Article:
Medical radioisotopes are widely used in cancer treatment, but their production has been hampered to the point that obtaining them has become a challenge. The lack of Technetium-99m is probably the most widely known, but there’s also a shortage of Iodine-131 (I-131), a radioisotope commonly used for diagnosing and treating thyroid conditions because the thyroid absorbs iodine naturally.
Things are now looking up as the University of Missouri Research Reactor (MURR), a 10 megawatt reactor, has just produced the first commercial batch of I-131. International Isotopes, Inc. is the buyer and distributor. This is the first supplier of I-131 to be based in the United States since the 1980s, and so should help to guarantee the availability of the radioisotope for many years. It was first approved by the FDA in 1951, but because of a half life lasting just over a week, the material requires constant and consistent production.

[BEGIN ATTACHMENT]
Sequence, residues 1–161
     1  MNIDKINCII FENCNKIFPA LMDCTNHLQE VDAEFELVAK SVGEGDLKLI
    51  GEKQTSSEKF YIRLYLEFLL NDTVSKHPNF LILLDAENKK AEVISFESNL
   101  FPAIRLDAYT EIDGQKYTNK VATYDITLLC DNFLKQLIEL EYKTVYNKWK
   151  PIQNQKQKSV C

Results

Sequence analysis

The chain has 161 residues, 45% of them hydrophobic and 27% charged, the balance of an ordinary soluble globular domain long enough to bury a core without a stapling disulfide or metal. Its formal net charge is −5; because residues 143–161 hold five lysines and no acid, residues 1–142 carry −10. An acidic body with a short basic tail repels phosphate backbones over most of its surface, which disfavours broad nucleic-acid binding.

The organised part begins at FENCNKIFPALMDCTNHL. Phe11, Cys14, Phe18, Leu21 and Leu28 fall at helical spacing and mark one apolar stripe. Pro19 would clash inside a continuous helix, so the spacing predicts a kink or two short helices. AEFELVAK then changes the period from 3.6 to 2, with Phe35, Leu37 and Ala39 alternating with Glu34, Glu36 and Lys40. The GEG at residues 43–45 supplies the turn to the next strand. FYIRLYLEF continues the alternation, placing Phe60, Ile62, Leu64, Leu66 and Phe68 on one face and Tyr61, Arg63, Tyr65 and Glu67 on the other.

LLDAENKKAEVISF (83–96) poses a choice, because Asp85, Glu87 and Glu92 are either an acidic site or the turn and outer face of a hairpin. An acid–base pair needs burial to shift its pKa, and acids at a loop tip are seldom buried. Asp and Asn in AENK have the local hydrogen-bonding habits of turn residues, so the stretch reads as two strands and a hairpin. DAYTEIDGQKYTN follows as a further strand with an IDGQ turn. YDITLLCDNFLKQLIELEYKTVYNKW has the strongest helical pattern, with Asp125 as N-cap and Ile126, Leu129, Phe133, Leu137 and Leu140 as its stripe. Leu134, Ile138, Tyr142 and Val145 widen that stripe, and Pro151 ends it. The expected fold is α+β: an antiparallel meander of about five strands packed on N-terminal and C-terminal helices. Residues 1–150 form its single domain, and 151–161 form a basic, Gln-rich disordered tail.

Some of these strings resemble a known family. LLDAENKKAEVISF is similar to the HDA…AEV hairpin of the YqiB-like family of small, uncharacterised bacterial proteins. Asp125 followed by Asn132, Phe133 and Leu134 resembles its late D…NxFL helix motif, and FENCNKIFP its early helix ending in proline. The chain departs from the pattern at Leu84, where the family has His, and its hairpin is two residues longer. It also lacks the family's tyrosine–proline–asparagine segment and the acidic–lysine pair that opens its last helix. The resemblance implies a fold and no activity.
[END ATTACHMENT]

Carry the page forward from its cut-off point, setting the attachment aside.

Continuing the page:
“Having MURR as a domestic producer for I-131 provides a much higher level of stability and reliability in the U.S. for this important isotope,” said Steve Laflin, president and CEO of International Isotopes, Inc. (INIS). “INIS has been supplying I-131 throughout the U.S. for nearly 15 years using only foreign sources of supply. We are pleased to have an opportunity to enter into a long-term supply agreement, and INIS plans to utilize MURR as one of our major suppliers for I-131 in the future.”
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